6 points
  34. Here the Medical Director or designee is the one responsible for contacting the patient's physician. If the patient's physician refuses to contact the patient, our Medical Director or designee will end up having to do it.
    5 points
  35. Malcolm Needs

    Why 3 days?

    The timing for fresh samples is somewhat different in the UK than in, for example, the USA. The timings, and the reasons for these timings, are set out in paragraph 3.7 of the BCSH Guideline "Guidelines for pre-transfusion compatibility procedures in blood transfusion laboratories" (written by Claire Milkins, Jenny Berryman, Carol Cantwell, Chris Elliott, Richard Haggas, Joan Jones, Megan Rowley, Mark Williams and Nay Win, for, and on behalf of the BCSH, and published in Transfusion Medicine 2013; 23: 3-35. doi: 10.1111/j.1365-3148.2012.01199.x), with the Key Recommendation of this paragraph being, "Serological studies should be performed using blood collected no more than 3 days in advance of the actual transfusion when the patient has been transfused or pregnant within the preceding 3 months." As I understand it, this timing was based on the work originally carried out by Professor Patrick Mollison many years ago, who found that a new specificity of an alloantibody, or a nascent antibody that has become undetectable by normal serological techniques, can appear (or reappear) in the plasma of an individual within three days, after stimulation. The problem is that not all patients know whether or not, or when, they have been transfused, or may deny it for religious reasons (I once cross-matched for a patient who had been a life-long Jehovah's Witness, who had an anti-Fya in his plasma that had a titre well in excess of 128). I hope that helps.
    5 points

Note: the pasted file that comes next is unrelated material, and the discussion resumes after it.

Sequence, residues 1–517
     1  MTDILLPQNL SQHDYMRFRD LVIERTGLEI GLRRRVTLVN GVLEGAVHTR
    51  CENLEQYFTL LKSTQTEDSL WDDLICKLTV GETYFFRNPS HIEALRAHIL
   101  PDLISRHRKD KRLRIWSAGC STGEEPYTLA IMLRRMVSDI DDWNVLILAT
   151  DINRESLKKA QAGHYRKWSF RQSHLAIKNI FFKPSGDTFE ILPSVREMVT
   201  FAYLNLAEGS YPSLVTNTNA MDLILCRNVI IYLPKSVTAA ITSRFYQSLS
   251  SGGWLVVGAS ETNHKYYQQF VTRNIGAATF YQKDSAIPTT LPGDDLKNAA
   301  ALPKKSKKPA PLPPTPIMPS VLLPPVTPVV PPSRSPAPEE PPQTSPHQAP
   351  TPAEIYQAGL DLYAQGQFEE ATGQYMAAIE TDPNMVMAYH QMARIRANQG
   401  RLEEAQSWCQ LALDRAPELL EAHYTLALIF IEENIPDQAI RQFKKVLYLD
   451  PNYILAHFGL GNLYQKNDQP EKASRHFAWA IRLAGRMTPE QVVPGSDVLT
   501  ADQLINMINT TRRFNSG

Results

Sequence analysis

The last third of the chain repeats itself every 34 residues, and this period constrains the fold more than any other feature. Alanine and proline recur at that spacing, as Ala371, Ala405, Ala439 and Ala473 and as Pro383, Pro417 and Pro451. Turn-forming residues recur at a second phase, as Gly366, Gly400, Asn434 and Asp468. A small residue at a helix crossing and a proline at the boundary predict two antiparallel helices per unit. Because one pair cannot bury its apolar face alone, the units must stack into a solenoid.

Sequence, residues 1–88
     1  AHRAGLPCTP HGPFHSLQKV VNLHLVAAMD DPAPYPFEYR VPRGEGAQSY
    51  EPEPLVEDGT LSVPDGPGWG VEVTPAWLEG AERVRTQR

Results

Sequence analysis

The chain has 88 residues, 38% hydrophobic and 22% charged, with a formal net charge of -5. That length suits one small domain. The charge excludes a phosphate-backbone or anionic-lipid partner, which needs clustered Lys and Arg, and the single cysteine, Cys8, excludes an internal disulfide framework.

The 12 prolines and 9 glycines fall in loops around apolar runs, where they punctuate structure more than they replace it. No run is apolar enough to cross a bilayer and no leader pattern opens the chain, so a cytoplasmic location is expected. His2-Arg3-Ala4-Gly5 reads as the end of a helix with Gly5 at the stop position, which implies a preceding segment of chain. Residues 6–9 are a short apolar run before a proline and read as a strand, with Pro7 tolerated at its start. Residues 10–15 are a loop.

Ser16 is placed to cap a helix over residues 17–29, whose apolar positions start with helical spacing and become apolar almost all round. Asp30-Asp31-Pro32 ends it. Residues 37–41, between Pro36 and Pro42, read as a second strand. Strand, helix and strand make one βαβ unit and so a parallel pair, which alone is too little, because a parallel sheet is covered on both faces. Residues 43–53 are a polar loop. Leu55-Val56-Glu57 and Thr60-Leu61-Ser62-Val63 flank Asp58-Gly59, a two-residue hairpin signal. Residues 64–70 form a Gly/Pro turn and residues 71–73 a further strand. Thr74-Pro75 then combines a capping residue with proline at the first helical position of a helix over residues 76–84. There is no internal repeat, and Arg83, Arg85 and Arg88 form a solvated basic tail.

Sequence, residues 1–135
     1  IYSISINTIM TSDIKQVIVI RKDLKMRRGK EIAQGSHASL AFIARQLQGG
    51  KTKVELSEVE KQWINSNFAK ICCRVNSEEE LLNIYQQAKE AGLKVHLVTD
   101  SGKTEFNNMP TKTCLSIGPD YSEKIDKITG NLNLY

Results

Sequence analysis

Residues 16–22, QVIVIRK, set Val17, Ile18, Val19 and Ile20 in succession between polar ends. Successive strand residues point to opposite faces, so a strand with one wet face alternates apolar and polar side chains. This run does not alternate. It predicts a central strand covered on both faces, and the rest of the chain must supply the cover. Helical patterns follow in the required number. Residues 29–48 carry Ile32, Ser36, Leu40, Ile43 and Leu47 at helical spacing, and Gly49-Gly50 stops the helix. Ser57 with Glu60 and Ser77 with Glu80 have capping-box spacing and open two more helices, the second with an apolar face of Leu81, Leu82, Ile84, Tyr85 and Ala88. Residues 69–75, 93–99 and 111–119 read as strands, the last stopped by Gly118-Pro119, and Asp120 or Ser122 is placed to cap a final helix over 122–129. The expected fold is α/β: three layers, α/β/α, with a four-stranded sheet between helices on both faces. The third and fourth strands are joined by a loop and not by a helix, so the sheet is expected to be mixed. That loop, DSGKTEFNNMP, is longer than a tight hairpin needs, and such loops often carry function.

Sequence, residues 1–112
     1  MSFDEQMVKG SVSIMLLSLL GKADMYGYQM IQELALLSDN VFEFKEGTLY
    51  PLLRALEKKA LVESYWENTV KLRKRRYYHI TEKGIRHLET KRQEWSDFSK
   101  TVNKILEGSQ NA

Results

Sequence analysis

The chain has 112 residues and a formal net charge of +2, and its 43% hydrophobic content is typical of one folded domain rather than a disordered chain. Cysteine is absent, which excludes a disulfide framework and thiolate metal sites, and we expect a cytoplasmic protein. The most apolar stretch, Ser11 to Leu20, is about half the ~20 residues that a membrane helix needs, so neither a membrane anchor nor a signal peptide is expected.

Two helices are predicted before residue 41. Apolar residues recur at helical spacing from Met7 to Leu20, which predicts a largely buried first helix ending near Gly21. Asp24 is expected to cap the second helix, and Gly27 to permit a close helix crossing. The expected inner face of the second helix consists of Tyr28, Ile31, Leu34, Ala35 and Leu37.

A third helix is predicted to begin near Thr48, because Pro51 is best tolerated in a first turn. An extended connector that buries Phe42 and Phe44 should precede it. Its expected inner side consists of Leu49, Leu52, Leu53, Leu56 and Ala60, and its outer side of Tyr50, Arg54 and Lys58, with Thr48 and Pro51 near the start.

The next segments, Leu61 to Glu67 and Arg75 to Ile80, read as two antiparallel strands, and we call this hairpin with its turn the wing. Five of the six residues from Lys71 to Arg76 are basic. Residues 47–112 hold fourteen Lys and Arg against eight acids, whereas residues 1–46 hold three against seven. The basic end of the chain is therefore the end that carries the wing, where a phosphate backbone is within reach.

36. We don't actually see many T&S orders from the ED. Those are usually patients who may be surgical candidates (like broken hips, bowel obstruction, etc.) and unless they are anemic, usually not transfused. There are more orders for 1 unit and transfuse, almost 100% look appropriate when reviewed. Instead we saw a pattern of ED providers ordering blood types in order to have a Blood Bank specimen available. We've persuaded them to use a BB Hold order instead of charging a patient for a blood type that was rarely needed - a specimen is collected but nothing done until they order a Prepare/T&S. We do use some discretion with the BB Hold orders. If the H&H is low or the patient is a really active GI bleed or it's a trauma case that looks bad, we put the specimen on the Echo just to get a head start. Nothing is reported until we get an order but it can definitely help the TAT. I've never actually looked at stats on ED orders, but I've wanted to (in my abundant spare time ). Another project I've wanted to tackle is to look at our emergency releases (especially on medical, rather than trauma, patients) and MTP orders to see what % of our patients we are actually transfusing or MTPs that only use a unit or two (or none), to see if we have any interesting provider ordering patterns. Also, how many times we ship blood with transfer patients vs how many times they are actually transfused in route or the unit(s) wasted. I would like to compare that information with the score ED assigns to the trauma patients to see if we are correlating well.